realise the wisdom, and the wisdom itself. And they depend on 
each other. Method means to accumulate  merit like generosity, 
moral conduct, patience, endeavour, and concentration. Loving-
kindness and compassion will only suppress  faults because the 
main fault is self-clinging, and these method practices only 
supress self-clinging. In order to completely dig out the root of 
self-clinging  we require the wisdom that  completely eliminates 
it, and for this  we must have concentration. With these two 
together  we will be able to attain perfect enlightenment. 

Many people say  it's very difficult to practise Dharma 
particularly in  big cities where there is so much distraction 
and  busyness.  However, Lord Buddha gave many teachings, the 
purpose of which was to tame our wild minds. It is due to our 
wild mind being so involved with   defilements, that from the 
begining we have been caught in the realm of existence and 
suffer.  We've already suffered so much in the past, are still 
suffering and furthermore if we do not work now we will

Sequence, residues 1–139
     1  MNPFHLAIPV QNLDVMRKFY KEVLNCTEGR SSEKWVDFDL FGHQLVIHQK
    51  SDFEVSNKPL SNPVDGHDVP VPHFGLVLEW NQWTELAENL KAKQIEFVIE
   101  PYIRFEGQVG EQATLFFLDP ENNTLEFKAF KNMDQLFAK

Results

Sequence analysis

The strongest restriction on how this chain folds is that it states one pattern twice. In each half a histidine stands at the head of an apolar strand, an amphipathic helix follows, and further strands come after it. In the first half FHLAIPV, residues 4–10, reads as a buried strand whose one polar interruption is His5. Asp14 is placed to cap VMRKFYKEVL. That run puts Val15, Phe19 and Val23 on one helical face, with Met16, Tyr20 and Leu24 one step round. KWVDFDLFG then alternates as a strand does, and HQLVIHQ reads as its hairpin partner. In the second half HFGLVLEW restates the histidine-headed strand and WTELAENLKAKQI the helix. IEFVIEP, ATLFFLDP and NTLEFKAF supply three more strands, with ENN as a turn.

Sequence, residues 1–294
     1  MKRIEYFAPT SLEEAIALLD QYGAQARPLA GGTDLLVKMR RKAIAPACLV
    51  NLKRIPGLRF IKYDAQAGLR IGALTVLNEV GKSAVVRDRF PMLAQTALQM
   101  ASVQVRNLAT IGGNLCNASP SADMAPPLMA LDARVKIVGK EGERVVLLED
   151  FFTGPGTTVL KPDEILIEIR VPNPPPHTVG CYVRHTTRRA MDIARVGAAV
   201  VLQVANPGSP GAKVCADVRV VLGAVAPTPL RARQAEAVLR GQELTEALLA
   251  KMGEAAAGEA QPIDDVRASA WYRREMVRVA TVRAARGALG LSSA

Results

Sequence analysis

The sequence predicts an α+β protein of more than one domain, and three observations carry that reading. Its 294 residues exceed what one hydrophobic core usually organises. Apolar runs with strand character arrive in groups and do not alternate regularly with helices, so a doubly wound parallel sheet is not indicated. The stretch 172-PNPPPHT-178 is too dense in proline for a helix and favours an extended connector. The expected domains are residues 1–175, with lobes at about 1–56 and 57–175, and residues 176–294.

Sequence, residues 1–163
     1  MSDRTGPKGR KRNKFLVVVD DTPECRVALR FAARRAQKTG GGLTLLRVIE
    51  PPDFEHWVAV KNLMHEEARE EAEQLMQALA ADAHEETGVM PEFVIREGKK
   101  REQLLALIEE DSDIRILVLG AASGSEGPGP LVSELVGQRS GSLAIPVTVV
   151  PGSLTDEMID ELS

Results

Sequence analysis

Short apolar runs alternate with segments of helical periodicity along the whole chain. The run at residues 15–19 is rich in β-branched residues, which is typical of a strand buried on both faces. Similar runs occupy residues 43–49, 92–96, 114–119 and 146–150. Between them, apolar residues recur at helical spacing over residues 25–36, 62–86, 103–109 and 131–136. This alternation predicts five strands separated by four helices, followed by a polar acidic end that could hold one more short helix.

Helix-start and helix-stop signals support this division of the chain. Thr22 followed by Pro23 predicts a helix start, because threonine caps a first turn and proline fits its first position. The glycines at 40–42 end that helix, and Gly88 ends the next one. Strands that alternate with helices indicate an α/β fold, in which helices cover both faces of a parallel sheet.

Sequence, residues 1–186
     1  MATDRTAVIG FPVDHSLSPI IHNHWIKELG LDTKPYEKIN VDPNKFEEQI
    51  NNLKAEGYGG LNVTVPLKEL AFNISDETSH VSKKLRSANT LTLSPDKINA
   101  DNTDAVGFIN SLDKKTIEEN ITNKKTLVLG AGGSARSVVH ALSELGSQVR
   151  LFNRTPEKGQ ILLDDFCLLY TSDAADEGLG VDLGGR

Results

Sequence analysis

continuously experience suffering. So therefore the Buddha gave 
teachings involving many different forms of practising, but all 
these are to tame our minds. 

The sanskrit word "dharma" has many different meanings but the 
word generally means to change, to change  our impure or wild 
mind that is so involved with the defilements, to change it to 
the right path. So every practice we do if it doesn't change, 
(although of course even just doing the practice has benefit), it 
is not so effective. In order to be effective, we must see 
whether the practice we are doing really makes a difference in 
our mind or not. 

If it changes our mind, then  if we use it in the right way we